Tuesday, October 4 th
Tuesday the goal was to actually get up earlier. Didn't happen. Still 10 or so. But we did get moving a bit more quickly. Our first stop was the abbey just on the other side of Selestat. We hadn't been this direction before and there were a lot more farm lands than grape lands. Still beautiful. We, okay I, saw a few different crucifixes along the side of the road. I ended up seeing them all day. Maybe it was the influence of the abbey.
Okay, castle, check. Church, check. Next, monkeys! Yep, monkeys.
There is a sort of preserve, at least that is what I think it said. And they have been raising groups of Barbary Macaques since 1969. I think they may reintroduce them to the wild but those details weren’t clear to me. My french isn’t that good. When you come to this resereve you can walk through paths in their habitat. They give everyone a handful of popcorn when you go in and tell you how to approach and how to feed them. You don’t really have to approach any of them, or call them over. They know the drill. Manyof them sit right on the walkway railing waiting for the humans to come by and feed them. They were exceedingly gentle. Not necessarily goodlooking, but so interesting. There were many babies and they had a few areas set up where a worker would come and throw out a lot of food so they would all gather around and you could watch them interact. There was a very extensive presentation on monkey culture, who is who and the roles they play. Unfortunately they only did French and German versions. One of the elements I did pick up was that the males take a large role in the raising of the babies. The guide was going over that one again and again so I was able to get that, in both French and German. The area was a beautiful forest so very pleasant to walk through and just sit and observe different groups. I think they liked doing the same thing.
After monkeys, eagles. This was our wildlife day. And they were very smart to be right next to each other. The eagle show was a short, beautiful, walk through the forest. And then you came to another castle ruin, this one much smaller. They had a circular clearing with rows of benches all around. We got there a bit early (can you believe it?) and mom sat down while I looked around. There were dozens of birds of prey all around the castle grounds; eagles, falcons, vultures, owls, you name it and they had it. I have very mixed feelings about that set up. Most of the big birds had basically anklets on both legs with about a 5-8 foot tether. They had perches, water and overhangs. Their wings were not clipped. The signage explained that they would spend hours at a time in the wild just perched on one tree, etc. So this wasn't that different, but I still don't know. Hmmm, conflicted, that's new. Not.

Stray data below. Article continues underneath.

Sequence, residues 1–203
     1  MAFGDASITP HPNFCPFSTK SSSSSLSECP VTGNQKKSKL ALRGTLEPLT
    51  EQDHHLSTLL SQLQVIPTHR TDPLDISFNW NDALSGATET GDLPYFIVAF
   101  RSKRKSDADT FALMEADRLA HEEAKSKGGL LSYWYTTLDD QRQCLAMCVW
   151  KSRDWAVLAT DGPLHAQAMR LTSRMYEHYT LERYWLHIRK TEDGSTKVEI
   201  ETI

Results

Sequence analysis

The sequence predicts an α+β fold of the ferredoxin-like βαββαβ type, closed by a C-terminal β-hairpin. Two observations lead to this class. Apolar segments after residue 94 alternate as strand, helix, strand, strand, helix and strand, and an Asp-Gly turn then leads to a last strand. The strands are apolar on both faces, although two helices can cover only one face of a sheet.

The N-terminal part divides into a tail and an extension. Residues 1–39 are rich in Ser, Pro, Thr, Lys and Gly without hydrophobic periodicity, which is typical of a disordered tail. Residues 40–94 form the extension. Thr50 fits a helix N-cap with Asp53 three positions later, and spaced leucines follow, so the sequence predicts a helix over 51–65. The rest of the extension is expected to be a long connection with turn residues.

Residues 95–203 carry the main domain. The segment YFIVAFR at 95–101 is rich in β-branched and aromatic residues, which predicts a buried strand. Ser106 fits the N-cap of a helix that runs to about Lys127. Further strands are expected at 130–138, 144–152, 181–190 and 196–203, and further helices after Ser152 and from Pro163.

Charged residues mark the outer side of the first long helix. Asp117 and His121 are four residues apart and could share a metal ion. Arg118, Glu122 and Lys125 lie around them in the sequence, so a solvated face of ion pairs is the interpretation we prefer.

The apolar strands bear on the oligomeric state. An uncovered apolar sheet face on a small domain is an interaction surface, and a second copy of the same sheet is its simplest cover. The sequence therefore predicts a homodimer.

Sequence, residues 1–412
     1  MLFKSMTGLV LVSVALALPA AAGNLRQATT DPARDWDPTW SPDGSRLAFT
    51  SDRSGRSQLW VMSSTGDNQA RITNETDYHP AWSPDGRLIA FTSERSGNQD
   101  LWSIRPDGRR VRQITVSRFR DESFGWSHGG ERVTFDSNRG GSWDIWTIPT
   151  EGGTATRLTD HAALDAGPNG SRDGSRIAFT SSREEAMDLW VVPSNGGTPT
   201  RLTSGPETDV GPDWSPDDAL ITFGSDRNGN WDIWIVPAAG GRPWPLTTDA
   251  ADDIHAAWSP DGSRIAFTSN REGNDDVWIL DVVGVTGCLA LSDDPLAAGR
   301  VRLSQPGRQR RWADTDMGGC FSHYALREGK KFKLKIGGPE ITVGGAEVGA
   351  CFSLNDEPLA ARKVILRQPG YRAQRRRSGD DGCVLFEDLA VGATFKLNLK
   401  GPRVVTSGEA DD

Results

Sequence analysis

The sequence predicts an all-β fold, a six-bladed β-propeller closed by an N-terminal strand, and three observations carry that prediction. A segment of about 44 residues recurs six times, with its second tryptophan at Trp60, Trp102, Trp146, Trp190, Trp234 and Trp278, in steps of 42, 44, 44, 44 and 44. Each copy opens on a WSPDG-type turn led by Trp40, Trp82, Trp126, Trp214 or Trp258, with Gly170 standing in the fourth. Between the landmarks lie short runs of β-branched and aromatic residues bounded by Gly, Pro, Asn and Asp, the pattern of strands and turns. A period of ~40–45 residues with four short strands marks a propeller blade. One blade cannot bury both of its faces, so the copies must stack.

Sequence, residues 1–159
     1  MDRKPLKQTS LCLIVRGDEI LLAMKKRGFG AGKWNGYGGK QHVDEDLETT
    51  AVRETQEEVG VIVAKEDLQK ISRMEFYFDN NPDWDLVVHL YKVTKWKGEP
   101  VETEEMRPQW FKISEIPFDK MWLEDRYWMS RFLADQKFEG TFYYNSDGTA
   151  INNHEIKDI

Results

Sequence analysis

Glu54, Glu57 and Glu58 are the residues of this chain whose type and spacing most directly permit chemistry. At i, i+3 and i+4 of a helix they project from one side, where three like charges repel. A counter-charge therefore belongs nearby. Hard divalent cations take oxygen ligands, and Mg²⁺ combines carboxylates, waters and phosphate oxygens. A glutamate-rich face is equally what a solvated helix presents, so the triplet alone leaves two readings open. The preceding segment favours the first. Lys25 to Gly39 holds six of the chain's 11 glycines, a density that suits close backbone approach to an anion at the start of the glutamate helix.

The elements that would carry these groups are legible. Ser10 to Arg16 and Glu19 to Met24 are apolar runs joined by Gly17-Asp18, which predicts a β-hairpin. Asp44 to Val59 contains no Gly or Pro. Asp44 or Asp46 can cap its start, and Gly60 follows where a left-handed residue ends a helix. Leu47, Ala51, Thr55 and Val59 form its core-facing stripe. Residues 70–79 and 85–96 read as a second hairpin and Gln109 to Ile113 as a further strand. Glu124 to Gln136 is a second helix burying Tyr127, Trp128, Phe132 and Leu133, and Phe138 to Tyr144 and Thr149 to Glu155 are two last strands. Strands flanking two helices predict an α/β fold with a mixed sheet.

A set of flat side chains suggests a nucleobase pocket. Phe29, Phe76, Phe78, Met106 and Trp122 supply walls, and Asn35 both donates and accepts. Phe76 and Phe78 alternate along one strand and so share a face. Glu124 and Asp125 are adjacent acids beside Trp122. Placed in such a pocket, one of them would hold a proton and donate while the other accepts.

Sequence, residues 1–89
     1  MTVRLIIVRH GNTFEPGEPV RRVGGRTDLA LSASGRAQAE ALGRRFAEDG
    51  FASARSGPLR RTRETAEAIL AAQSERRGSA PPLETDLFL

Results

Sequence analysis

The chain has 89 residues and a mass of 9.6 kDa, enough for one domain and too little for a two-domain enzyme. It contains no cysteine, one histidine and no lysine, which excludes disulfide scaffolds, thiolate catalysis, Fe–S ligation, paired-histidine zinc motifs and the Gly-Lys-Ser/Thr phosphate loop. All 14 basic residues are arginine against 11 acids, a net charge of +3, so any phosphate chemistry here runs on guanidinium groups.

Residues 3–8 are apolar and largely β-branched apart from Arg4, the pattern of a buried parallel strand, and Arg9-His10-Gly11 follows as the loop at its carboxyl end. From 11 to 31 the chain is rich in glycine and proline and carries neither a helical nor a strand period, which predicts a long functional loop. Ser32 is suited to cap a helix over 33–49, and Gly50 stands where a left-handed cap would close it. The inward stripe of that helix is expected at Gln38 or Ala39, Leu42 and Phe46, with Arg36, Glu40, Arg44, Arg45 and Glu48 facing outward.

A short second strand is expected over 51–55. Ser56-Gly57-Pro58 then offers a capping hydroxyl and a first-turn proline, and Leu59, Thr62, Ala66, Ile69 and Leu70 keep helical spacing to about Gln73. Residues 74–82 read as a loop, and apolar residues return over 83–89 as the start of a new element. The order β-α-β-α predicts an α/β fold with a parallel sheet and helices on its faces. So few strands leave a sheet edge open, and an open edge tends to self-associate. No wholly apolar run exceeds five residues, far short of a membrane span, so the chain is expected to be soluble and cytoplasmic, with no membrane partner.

Anyway, the show was pretty cool. There was an emcee and three additional handlers. They would bring out a few different birds that would circle around and then land either on a perch, on one of their arms or even the ground. The birds were spectacular. The handlers moved aournd the audience so some times a bird would literally fly right at you, graze your head and land just behind you. Quite thrilling. They brought out a group of falcons ( again, I think due to their size, this one was also all in French so I didn't learn very much) and then gave different members of the audience a chance to have the bird land on them. Guess who stood up and put out her arm for the glove? My mother! I couldn't believe it. I dont think she could either. But it was very cool. The entire show was exciting to watch. Even the birds eating dead things was okay to watch.
After that we headed toward home with the goal of a pharmacy, which we found, for cough drops, which they didn’t have ( tablets instead) and the supermarket for a cooler. We head to Provence tomorrow and have things from the fridge to bring with us. We did find the supermarket, and it was open, but no luck on the cooler. Oh well, now to pack because we really do have to wake up early on Wednesday to start our drive.